29 June 2021

Parliamentary Inquiry Puts Spotlight on Forestry Operations in NSW Native Forests

By Senior Solicitor Cerin Loane

An Upper House inquiry into the forest and timber products industry is underway in NSW. While the terms of reference for the inquiry are quite broad, the inquiry is expected to put a spotlight on the legal framework regulating forestry operations and highlight ongoing concerns about the future sustainability of logging native forests, particularly following the devastating 2019-2020 bushfire season. 

There are significant concerns amongst scientists, and the community, that the management of forestry operations in NSW is poorly done, and inconsistent with ecologically sustainable forest management (ESFM). These concerns have been heightened following the 2019-2020 bushfires, which saw bushfires burn over 5.5 million hectares of land, including 38% of the NSW national park estate and 42% of NSW state forest.i 293 threatened animals and 680 threatened plants have sightings recorded in the fire ground.ii 

The inquiry provides a critical opportunity to examine the scientific, economic, and environmental evidence as to the viability and sustainability of the industry continuing to undertake forestry operations in native forests. From a legal perspective, the failings of the current regulatory regime mean the overarching goal of ESFM is not being achieved and is unlikely to be achievable under the current framework. 

EDO’s submission to the inquiry highlights the following: 

  • Forestry operations have significant, detrimental impacts on the environment and biodiversity, including threatened plants and animals, water and soil quality, and carbon emissions. These impacts have been exacerbated by the 2019-2020 bushfires.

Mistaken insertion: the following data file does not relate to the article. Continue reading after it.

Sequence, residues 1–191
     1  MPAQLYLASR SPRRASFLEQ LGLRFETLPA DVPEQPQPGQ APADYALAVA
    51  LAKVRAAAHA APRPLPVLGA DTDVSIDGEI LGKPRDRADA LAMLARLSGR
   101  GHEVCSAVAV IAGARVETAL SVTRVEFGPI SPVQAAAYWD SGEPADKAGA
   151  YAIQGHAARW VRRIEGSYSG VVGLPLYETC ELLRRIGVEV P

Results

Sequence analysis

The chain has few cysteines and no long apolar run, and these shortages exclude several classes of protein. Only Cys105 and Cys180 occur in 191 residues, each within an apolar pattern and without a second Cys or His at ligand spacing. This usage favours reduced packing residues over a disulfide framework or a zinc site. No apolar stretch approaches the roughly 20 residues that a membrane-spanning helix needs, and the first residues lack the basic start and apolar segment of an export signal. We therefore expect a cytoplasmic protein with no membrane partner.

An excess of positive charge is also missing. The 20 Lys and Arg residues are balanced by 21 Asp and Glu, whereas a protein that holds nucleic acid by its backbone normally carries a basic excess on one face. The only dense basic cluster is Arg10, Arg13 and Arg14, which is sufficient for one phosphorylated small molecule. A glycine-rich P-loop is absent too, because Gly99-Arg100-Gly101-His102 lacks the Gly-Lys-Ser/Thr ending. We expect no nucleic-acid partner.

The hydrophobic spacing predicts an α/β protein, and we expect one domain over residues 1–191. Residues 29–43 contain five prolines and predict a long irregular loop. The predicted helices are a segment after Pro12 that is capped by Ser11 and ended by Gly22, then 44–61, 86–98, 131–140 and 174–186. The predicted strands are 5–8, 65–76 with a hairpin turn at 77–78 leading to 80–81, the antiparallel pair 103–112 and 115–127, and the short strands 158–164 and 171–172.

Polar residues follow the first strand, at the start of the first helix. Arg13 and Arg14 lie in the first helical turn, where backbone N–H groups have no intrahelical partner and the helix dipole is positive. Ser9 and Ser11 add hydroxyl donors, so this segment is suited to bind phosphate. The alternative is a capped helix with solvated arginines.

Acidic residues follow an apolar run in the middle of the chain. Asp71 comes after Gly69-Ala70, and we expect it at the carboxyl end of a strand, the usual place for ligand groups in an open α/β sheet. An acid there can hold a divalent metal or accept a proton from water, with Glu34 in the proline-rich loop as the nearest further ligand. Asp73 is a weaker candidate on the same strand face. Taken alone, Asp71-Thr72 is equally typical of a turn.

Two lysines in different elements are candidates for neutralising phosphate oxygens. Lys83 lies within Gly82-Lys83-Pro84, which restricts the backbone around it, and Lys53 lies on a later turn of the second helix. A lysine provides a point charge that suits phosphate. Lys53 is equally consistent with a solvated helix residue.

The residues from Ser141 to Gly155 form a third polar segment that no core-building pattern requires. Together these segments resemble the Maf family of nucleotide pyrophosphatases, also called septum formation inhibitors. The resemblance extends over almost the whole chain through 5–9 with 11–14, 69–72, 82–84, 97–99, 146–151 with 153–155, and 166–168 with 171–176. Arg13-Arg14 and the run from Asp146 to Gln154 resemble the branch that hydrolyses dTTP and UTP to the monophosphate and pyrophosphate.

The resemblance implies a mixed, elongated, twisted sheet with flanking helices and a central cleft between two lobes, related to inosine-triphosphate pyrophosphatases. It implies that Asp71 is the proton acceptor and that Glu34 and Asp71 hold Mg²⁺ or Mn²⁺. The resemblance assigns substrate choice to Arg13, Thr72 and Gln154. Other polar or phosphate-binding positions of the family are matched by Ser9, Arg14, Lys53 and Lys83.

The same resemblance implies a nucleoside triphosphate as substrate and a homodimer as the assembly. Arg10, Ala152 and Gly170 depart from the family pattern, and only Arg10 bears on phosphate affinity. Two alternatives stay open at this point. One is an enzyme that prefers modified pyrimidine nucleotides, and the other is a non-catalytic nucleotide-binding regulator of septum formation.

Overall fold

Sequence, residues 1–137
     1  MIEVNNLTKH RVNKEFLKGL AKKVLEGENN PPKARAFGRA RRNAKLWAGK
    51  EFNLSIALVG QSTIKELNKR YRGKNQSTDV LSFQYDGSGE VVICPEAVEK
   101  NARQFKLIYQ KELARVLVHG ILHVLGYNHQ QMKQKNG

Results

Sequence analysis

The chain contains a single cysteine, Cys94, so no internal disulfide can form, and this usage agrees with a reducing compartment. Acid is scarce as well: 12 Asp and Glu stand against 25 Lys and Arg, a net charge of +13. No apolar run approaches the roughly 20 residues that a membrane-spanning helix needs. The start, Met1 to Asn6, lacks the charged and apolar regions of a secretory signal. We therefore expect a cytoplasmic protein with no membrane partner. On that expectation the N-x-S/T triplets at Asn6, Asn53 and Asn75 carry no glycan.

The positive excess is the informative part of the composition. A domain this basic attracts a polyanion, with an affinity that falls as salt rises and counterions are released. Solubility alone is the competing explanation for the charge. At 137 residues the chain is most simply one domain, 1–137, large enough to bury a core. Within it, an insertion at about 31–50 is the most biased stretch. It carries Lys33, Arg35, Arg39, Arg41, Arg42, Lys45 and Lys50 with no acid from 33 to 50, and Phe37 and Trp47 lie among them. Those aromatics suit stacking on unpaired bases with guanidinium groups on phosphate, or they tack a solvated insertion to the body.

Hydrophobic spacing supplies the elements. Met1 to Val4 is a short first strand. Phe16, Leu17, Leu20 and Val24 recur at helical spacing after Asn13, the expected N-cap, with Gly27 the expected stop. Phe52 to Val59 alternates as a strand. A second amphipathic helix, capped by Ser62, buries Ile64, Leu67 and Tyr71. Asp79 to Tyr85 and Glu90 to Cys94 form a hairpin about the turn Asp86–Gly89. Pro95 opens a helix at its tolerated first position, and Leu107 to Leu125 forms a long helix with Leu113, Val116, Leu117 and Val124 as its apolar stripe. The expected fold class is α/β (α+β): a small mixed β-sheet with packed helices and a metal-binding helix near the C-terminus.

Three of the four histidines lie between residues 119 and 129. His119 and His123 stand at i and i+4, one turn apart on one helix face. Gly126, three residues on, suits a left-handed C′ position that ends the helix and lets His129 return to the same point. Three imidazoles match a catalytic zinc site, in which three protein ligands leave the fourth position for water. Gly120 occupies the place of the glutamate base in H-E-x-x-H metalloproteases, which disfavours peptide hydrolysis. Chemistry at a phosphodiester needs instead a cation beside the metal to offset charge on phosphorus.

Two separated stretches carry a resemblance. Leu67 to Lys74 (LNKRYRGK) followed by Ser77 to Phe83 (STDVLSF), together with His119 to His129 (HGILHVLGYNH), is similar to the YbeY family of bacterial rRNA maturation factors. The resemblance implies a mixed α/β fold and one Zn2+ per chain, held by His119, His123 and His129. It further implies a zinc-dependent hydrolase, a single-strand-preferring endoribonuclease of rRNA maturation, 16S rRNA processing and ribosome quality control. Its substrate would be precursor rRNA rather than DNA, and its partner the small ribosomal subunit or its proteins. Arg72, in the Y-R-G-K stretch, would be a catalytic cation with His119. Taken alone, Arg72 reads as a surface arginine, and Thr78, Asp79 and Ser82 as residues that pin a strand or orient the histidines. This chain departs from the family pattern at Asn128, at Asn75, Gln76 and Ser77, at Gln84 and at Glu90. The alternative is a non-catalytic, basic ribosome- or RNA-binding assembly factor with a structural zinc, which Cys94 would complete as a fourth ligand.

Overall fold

• The 2019-2020 bushfires were unprecedented in terms of scale, intensity and extent and have put significant pressure on our native forests ecosystems and the timber and forest products industry, as a user of native forests. 
  • In addition, ongoing and intensifying environmental challenges – including climate change and declining biodiversity– will exacerbate impacts of forestry operations on native forests ecosystems in NSW. 
  • Scientists, and other stakeholders, have expressed concern that that the existing regulatory framework – in particular the Coastal Integrated Forestry Approval (IFOA) and the NSW Regional Forest Agreements (RFAs) – is not consistent with the principles of ESFM. 
  • The current regulatory framework is also inadequate for responding to major events such as the 2019-2020 bushfires. Extreme weather events such as this are predicted to occur more frequently into the future. 
  • There is growing evidence that logging of public native forests may be no longer tenable, for both economic and environmental reasons, and particularly following the ecological and wood supply impacts of the 2019-2020 bushfire season. 

We recommend that:  

  1. Forestry operations in NSW native forests should be suspended following the 2019-2020 bushfires in both fire-affected native forests and unburnt areas serving as species-recovery refugia pending the outcome of the NRC post-bushfire advice. 
  1. The process by which the Natural Resources Commission (NRC) prepares its independent, evidence-based advice on forestry operations under the coastal IFOA as the NSW public forest estate recovers from the 2019-20 bushfires should be transparent, and the NRC advice must be made public. 
  1. The current legal framework for regulating forestry operations in native forests on public and private land must be revised to better align with the principles of ESFM, including with respect to increased transparency and reporting, third party enforcement rights, and responding to environmental challenges such as climate change and biodiversity loss. 
  1. IFOAs, in particular the Coastal IFOA, should be revised and updated to take into account the impacts of the 2019-2020 bushfires. 
  1. The Government must finalise the Private Native Forestry (PNF) Review, including reporting the outcomes of the review and consultation on the Draft PNF Code. No changes should be made to the PNF Code until the PNF Review is finalised. 
  1. The Parliamentary Committee should examine the scientific, economic, and environmental evidence as to the viability and sustainability of the forestry and timber products industry continuing to undertake forestry operations in native forests. 

More information about the inquiry is available on the NSW Parliament Website

You can read EDO’s full submissions here. Previous EDO submissions and reports, including on forestry regulation, are available on EDO’s website.